I believe Isabelle did an amazing job with her podcast! By the way she was talking it did not seem like she was simply reading lines from a sheet of paper, and yet she hardly ever stuttered and failed to say "like" every other word!She did a good job of stating right off the bat what her documentary was about and outlining the things it as well as what she was going to talk about.She states right at the beginning of the podcast the 5 things the documentary talked about: who had nuclear weapons, how they're used, how they're built, how they can be smuggled, and who's looking for them as we speak. Compared to the podcast I listened to formerly, Isabelle well very precise and well organized.Isabelle stated that the documentary was frightening. I completely and totally agree with this statement, and I'm probably going to use the word frightened or frightening a million times in this comment. I can only imagine how frightening the documentary was if I was frightened simply listening to Isabelle's ten minute podcast about it!First off, Isabelle stated that if a nuclear weapon/bomb was to be dropped in America, civil liberties - along with the bill of rights - would essentially disappear. Personally annoyed along with as well as intimidated by the high security at airports today, a safety precaution established shortly after the tragedy of 911, I could never imagine the lifestyle after a nuclear war. I assume we would have virtually no freedom whatsoever, and everyone would almost always be scared for their lives - life as we know it would merely disappear.I was also frightened by the three ways Isabelle listed people may attain a nuclear weapon - stealing them, buying them, or building them. Pertaining to stealing them- when Isabelle was listing the best ways to smuggle the chemicals used in order to make the weapons I couldn’t help find it a tad laughable (just as she said) but shortly after realized how scary it, in actuality, was. Knowing that there's tricks and information out there - for example, knowing that the best products to smuggle them in are kitty litter, toilets, tobacco, and china - used to help people smuggle these chemicals, got me thinking about the fact that there's people out there who could be trying to do that this instant, and who knew it was so darn easy?When Isabelle talked about the military men flying over the United States not knowing that they were carrying nuclear weaponry, it sent chills down my spine. I completely agree with Isabelle upon the statement that low probability events - although there's obviously a low probability of them happening - do happen. If they had been fooling around and crashed…I can't even imagine the consequences. I know I keep repeatedly saying that my main reaction to this podcast was freight, but there's not really much else I can say - I was and am frightened by the entire idea!I'm also in the same boat as Isabelle when it comes to Erin's podcast getting me interested in the Iranian nuclear weaponry problem. Isabelle brought up the potential problem that if Iran did indeed get a hold of nuclear weapons, the surrounding rival countries would want them as well - nuclear weapons would be placed on top of many unstable governments. This was completely frightening and, put exceedingly well by Isabelle, clearly not a good mix.
When it comes to making the nuclear weapons - just the fact that you can make a nuclear weapon from easily attainable materials (not including the nuclear material) is also super scary. I feel as though, even though it's not quite "easy" to get this nuclear material, it can only be getting easier as time goes on. Essentially making me uneasy.Isabelle concluded with speaking about the huge bias of the documentary - a bias upon which I completely agree with, however I also think the said fixation to the problem is virtually unattainable. The Documentary, through interviewers and their statements, strongly pushed the opinion that nuclear weapons should altogether be taken off the planet. Now wouldn't that fix everything. Lastly I'm going to end my rant talking about the second by second breakdown Isabelle talked about if a nuclear weapon or bomb happened to go off. I thought it was really cool how Isabelle/Countdown to Zero broke that down. It had a strong effect on me and my thoughts, and got me thinking as if I were in that situation myself. 10 seconds isn't enough time for me to pick an outfit or even think of the right words to say, let alone enough time to think of whether or not to launch a nuclear bomb on someone! It was virtually unbelievable. I'm speechless. Isabelle's podcast was extremely informative and she packed tons of information in such a small amount of time! It's made me really want to see this documentary, and really got me thinking about how lucky we have it as of right now (in terms of other countries that have nuclear weaponry) along with how drastically things might and could change.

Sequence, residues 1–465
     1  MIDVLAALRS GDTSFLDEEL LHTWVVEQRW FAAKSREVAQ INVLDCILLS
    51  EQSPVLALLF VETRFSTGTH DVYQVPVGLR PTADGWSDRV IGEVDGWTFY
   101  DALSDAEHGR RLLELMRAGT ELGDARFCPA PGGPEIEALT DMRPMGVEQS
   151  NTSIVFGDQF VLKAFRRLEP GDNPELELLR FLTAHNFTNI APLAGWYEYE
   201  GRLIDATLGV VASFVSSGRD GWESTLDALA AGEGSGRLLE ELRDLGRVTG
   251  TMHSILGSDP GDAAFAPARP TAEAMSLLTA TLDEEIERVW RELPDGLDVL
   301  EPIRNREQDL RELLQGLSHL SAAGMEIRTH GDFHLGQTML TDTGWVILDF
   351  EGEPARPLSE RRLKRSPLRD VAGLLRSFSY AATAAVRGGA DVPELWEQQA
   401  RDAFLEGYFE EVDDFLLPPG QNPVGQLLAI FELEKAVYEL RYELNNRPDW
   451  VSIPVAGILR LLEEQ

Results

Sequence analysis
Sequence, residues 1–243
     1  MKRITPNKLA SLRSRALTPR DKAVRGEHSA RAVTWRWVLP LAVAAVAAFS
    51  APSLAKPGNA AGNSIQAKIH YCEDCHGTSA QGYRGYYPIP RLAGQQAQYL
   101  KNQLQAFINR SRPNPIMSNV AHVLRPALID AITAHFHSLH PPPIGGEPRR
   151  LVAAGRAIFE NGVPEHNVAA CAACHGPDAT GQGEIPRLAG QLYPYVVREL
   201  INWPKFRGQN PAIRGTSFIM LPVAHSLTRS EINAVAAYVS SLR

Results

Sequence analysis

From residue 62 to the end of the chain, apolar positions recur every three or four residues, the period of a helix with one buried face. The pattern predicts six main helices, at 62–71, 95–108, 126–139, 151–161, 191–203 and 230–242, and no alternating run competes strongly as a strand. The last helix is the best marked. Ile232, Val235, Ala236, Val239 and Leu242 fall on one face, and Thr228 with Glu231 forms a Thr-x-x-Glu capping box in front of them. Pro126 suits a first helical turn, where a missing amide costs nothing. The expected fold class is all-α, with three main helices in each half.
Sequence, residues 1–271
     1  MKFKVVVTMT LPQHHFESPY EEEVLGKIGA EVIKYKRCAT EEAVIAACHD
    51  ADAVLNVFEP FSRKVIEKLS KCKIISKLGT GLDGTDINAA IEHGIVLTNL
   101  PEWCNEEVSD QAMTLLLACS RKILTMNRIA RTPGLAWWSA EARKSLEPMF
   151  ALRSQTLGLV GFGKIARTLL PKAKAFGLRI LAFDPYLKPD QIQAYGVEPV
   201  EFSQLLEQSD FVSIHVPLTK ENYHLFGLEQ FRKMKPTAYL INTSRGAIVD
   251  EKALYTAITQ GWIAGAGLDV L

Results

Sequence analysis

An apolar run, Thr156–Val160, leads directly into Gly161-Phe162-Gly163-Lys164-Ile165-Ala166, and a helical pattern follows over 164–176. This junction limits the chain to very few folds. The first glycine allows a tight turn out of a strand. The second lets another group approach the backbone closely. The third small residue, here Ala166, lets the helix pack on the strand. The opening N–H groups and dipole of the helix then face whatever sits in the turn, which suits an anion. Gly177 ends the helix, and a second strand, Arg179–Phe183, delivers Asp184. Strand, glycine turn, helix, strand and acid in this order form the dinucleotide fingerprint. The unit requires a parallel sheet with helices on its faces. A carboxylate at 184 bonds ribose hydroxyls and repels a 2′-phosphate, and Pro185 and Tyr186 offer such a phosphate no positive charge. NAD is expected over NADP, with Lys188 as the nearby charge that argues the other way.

Isabelle did a phenomenal job presenting her documentary. She was very informative and her presentation flowed. The main theme was explained very clearly. The main theme was that this documentary was explaining nuclear weapons and their impact in the world. The film explains which countries have nuclear weapons, how they are used, how they are built and smuggled, and who specifically looks for them. The general pacing of the broadcast was excellent. I did not find any mistakes in the way Isabelle’s presented her documentary. The volume was also satisfactory and Isabelle was prepared. She knew what she was talking about it and she used every minute of her time explaining something. She did not stutter with her words or leave blank moments throughout the whole presentation. This broadcast was extremely informative and I have learned so much about nuclear weapons that I never knew before. There was a lot of information Isabelle provided in ten minutes. She was informed and confident throughout the whole broadcast. Isabelle gave her own personal opinions about nuclear weapons and thinks that they are scary, which I agree. She explained that if a country had launched a nuclear weapon onto the United States, then measures would be taken and the bill of rights would be “put on a shelf”, as in gone away. An important fact that Isabelle presented was that there any three ways a nuclear weapon can be obtained. A nuclear weapon can be stolen, bought, or built. Many people look to Georgia, the southern border of Russia, to smuggle weapons or the chemicals used to build a nuclear weapon. Building a nuclear weapon is the most difficult because to get the chemicals and materials is harder. Another important fact Isabelle presented was that only a few countries have a nuclear weapon and those are: The United States, the USSR, the UK, France, China, Israel, India, Pakistan, and North Korean. (Iran is in question by other countries whether it will or not build nuclear weapons). Isabelle explains that though the United States military do not have many circumstances in which nuclear weaponry is not taken care of and is pretty efficient with nuclear weaponry but there are times when is not always taken care of. A low probability event can occur. This film sounds really interesting to me because I personally did not know much about nuclear weapons until Isabelle told me important facts about them. I would love to watch this film. I do not see any weakness in the documentary presentation itself except the bias that the director presented, which Isabelle stated. He said that nuclear weapons are a bad element and should be abolished. The other point of view was not presented and I would like to see the other side also, like Isabelle. Strengths of this movie would be the amount of information that is presented. A point that is noted that Isabelle presented is that there are around 23,000 nuclear weapons in the world. Also, satellites can tell within a minute whether or not a country has launched another missile or nuclear weapon, and within a minute annalist would have to determine whether or not it is a test or attack missile. The president would be briefed in about 30 seconds, and would have 10 seconds or at most 12 minutes to decide what to do. This seems almost unrealistic to me because I need way more time than ten minutes to do anything! Another point that is noted is that to smuggle Uranium/ Plutonium, it should be hid in a lead pipe, and hid amongst everyday things. To smuggle it into the United States, the easiest way would be to hide in cargo ships, between toilets, china, tobacco, porcelain, and other materials and products, because they set off radiation monitors. To hide it in toilets seemed funny to me, but like Isabelle said, the whole issue is not funny, it’s scary.